Thought to be the most common vaginal infection in women of childbearing age, bacterial vaginosis, or BV, is thought to affect as much as 16% of all pregnant women in the United States.
What is It?
Like a yeast infection, BV is a mild vaginal infection caused by an overgrowth of bacteria in your vagina. However, the offending bacteria in BV are different from the troublemaking bacteria in yeast infections. While Candida albicans causes yeast infections, bacterial vaginosis is the result of too much anaerobes bacteria growing in your vagina. Unfortunately, though, experts are at a loss as to just what triggers this bacteria overgrowth.
Bacterial Vaginosis Symptom
Signs of BV include:
- White or gray colored vaginal discharge that may be thin
- Fishy odor, especially after sex
- Less frequently, vaginal itching and burning sensation during urination
Diagnosis and Treatment
Similar to yeast infections, BV can be diagnosed by your doctor examining a sample of your vaginal discharge under a microscope. Bacterial vaginosis can also be diagnosed by checking your vaginal acid levels.
Once you have been diagnosed with BV, it is important to receive prompt treatment. Although the infection itself is not necessarily anything to worry about, left untreated it can lead to much more serious problems, including pelvic inflammatory disease. In pregnant women, untreated bacterial vaginosis can cause you to go into preterm labor or your baby to have a low birth weight.
Bacterial vaginosis is often treated through antibiotics, usually metronidazole or clindamycin, both of which can be used during pregnancy. Alternatively, some women prefer to use a vaginal cream or gel, although these may not work as well as oral medication.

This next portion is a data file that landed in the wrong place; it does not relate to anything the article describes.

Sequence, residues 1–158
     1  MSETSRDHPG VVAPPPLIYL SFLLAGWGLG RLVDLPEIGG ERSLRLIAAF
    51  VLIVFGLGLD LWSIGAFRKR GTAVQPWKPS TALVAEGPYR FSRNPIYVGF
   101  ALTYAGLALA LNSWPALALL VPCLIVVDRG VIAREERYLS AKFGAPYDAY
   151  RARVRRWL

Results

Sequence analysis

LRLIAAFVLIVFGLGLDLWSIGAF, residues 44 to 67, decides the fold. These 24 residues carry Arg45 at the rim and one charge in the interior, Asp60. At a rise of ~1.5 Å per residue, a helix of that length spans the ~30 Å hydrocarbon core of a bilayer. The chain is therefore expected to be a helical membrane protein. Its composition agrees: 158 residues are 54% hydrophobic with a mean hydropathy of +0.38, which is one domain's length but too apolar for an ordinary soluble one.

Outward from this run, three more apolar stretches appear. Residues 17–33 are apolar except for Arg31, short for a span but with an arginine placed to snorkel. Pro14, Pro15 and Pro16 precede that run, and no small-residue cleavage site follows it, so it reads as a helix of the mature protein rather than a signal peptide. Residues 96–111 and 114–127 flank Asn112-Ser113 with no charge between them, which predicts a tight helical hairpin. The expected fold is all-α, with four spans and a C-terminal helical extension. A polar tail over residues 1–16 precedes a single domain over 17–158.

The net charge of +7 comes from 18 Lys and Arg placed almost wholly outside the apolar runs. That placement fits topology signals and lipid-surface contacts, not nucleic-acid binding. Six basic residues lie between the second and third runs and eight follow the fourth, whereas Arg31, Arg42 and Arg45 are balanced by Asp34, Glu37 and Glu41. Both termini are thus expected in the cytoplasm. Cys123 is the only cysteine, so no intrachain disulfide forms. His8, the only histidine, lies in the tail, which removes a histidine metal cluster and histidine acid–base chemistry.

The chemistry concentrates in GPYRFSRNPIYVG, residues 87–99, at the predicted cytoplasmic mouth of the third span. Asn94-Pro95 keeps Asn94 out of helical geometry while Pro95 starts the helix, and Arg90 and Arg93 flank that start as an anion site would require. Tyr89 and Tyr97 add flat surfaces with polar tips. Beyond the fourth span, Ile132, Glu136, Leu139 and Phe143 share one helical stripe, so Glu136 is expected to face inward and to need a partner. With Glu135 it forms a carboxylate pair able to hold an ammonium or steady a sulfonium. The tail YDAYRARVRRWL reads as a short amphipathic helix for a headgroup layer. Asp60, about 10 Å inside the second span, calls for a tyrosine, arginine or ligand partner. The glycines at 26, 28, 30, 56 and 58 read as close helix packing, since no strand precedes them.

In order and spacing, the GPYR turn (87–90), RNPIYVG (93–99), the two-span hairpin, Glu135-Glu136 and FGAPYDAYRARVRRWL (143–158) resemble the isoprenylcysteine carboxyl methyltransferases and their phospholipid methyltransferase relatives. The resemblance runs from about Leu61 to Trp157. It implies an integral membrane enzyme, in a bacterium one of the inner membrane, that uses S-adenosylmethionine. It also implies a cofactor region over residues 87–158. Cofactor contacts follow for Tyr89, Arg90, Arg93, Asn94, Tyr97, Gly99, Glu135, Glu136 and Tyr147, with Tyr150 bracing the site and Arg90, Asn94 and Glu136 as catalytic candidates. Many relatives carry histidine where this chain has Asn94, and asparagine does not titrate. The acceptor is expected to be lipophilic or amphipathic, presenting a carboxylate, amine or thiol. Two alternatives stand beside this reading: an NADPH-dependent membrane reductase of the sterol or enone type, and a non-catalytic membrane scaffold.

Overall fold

It is important to note that metronidazole and alcohol do not mix. Consuming alcohol, even the little tiny bit that is in cough medicine, will lead to severe nausea and vomiting when you are taking metronidazole.
Natural cures for bacterial vaginosis include following a healthy diet rich in fruits and vegetables. Yogurt may also help treat or ease the symptoms of BV. However, it is strongly recommended that pregnant women go to their health care provider for recommended treatment methods because of the possible pregnancy complications that can arise from bacterial vaginosis.
Recurrent bacterial vaginosis is also possible, therefore you should always make an appointment with your health care provider when your suspect BV to make sure you are following the correct course of treatment.
Use these tips to prevent bacterial vaginosis:
- Always wipe from front to back to avoid spreading bacteria from the rectal area to the vagina
- Keep your vulva dry and clean
- Avoid using douches, harsh soaps or heavily fragranced soaps
- Wear cotton underwear and pantyhose with a cotton crotch
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